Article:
Although the database engine will create and run the stored procedure with no problem, the definition itself is missing two important components: rollback logic and error handling.

When defining a transaction, you should take advantage of the T-SQL elements that let you effectively control that transaction, including the ability to roll back all or part of the transaction. You can follow a BEGIN TRANSACTION statement with one or more ROLLBACK TRANSACTION statements that let you return to the beginning of the transaction or to specific savepoints within the transaction. You can also nest transactions to better control execution logic.

You should also integrate error handling into this logic so you can take specific actions and log relevant information should an error occur. For this, you can use a TRY…CATCH block that controls the statement flow in the event of an error. For an overview of error handing in SQL Server, you might want to check out my article Handling Errors in SQL Server 2012. Most of the basics have remained unchanged through SQL Server 2016.

Running the EXECUTE statement

Now that we’ve introduced stored procedures, we should also touch upon the EXECUTE statement. In the following example, the EXECUTE statement calls the procedure from the previous example, passing in two parameter values:

The fact that we’re passing in only two parameter values is important to note because the stored procedure is defined with three. The procedure will still run, but it will insert a NULL value into the ProductCategory column. Even if this is what we want, we should still explicitly include the value when calling the procedure so there is no doubt about the intent.

Related to this issue is the importance of including the parameter name when providing the value. This helps to ensure that the intended value is being mapped to the correct parameter, making the code easier to review and to avoid unnecessary errors. It will also help to ensure you’re not including extra values when calling the procedure or passing in a value that is not consistent with a parameter’s data type (although it doesn’t actual prevent either possibility).

While we’re on the topic of the EXECUTE statement, keep in mind that you should not use it to call dynamic SQL, whether within a stored procedure or directly, as in the following example:

Although the database engine lets us execute dynamic SQL in this way, doing so can make your system susceptible to SQL injection attacks because user input can run directly against the database. For this reason, many database folks recommend that you avoid dynamic SQL altogether.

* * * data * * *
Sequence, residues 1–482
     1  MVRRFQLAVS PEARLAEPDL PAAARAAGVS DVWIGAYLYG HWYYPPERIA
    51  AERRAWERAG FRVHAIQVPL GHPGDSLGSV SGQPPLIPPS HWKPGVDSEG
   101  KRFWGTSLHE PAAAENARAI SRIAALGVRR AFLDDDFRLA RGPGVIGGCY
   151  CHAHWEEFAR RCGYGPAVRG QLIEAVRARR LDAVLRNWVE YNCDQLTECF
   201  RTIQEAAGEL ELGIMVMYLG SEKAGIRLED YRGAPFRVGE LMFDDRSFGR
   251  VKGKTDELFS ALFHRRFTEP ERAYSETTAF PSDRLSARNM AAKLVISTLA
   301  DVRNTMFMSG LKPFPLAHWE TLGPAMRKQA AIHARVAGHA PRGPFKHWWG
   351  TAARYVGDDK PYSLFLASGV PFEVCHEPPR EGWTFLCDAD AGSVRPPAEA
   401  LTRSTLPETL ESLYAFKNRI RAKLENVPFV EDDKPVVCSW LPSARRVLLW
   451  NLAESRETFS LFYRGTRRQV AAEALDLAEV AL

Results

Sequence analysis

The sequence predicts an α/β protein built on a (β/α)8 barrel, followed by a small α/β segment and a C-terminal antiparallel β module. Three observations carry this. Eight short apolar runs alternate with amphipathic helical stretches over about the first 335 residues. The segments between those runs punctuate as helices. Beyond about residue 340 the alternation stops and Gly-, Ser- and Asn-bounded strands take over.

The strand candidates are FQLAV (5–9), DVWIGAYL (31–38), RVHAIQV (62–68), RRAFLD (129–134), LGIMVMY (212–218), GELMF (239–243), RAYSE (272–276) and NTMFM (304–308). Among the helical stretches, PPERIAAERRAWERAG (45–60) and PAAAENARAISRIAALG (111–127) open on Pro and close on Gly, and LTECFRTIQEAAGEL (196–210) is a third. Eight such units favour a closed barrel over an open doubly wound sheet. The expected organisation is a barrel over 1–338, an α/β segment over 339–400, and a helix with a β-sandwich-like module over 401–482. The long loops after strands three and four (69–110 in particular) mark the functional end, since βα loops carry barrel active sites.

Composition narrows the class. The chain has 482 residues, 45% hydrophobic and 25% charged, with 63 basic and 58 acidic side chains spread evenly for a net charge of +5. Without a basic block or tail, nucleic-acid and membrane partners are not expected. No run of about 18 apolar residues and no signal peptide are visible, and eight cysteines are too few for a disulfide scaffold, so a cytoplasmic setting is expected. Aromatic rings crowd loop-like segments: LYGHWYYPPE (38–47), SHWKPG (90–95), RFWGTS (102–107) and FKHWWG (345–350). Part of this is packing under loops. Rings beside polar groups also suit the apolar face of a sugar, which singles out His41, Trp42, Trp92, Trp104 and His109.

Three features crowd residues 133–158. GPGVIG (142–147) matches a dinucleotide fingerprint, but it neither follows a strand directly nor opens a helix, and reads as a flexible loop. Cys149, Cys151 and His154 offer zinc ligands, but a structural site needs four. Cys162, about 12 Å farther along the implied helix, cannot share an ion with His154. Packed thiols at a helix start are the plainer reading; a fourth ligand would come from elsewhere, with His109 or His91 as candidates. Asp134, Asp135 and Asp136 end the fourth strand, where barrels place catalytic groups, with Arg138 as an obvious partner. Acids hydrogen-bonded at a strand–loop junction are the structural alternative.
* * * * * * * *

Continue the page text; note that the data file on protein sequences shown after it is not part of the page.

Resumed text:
However, if you can’t get around implementing dynamic SQL, you should use the sp_executesql system stored procedure to execute the code, rather than an EXECUTE statement. The sp_executesql stored procedure also supports strongly typed variables and tends to be more efficient.

Getting the code right

Clearly, you must take into account a number of factors when developing T-SQL standards that address issues related to manipulating SQL Server data. As with any aspect of T-SQL coding, you want to create definitive guidelines that will help team members develop readable, consistent, and accurate code that does not break applications or introduce security risks.

As with the previous articles in this series, what we’ve covered here is meant only to provide a starting point to help you to understand the types of issues to address when creating your own standards. You should include whatever specifics you believe relevant to your organization’s development efforts, keeping in mind that your standards are a work-in-progress, evolving as the team changes and as SQL Server and T-SQL are modified.

About the author

Robert Sheldon

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Robert is a freelance technology writer based in the Pacific Northwest. He’s worked as a technical consultant and has written hundreds of articles about technology for both print and online publications, with topics ranging from predictive analytics to 5D storage to the dark web. He’s also contributed to over a dozen books on technology, developed courseware for Microsoft’s training program, and served as a developmental editor on Microsoft certification exams. When not writing about technology, he’s working on a novel or venturing out into the spectacular Northwest woods.